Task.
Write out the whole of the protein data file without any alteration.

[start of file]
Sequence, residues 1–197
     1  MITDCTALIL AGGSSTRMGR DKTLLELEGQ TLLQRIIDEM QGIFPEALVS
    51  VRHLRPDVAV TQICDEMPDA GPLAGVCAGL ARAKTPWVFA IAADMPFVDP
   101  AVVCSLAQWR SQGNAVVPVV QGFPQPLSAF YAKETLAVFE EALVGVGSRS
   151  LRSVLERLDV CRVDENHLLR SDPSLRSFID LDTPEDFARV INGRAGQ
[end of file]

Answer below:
Sequence, residues 1–197
     1  MITDCTALIL AGGSSTRMGR DKTLLELEGQ TLLQRIIDEM QGIFPEALVS
    51  VRHLRPDVAV TQICDEMPDA GPLAGVCAGL ARAKTPWVFA IAADMPFVDP
   101  AVVCSLAQWR SQGNAVVPVV QGFPQPLSAF YAKETLAVFE EALVGVGSRS
   151  LRSVLERLDV CRVDENHLLR SDPSLRSFID LDTPEDFARV INGRAGQ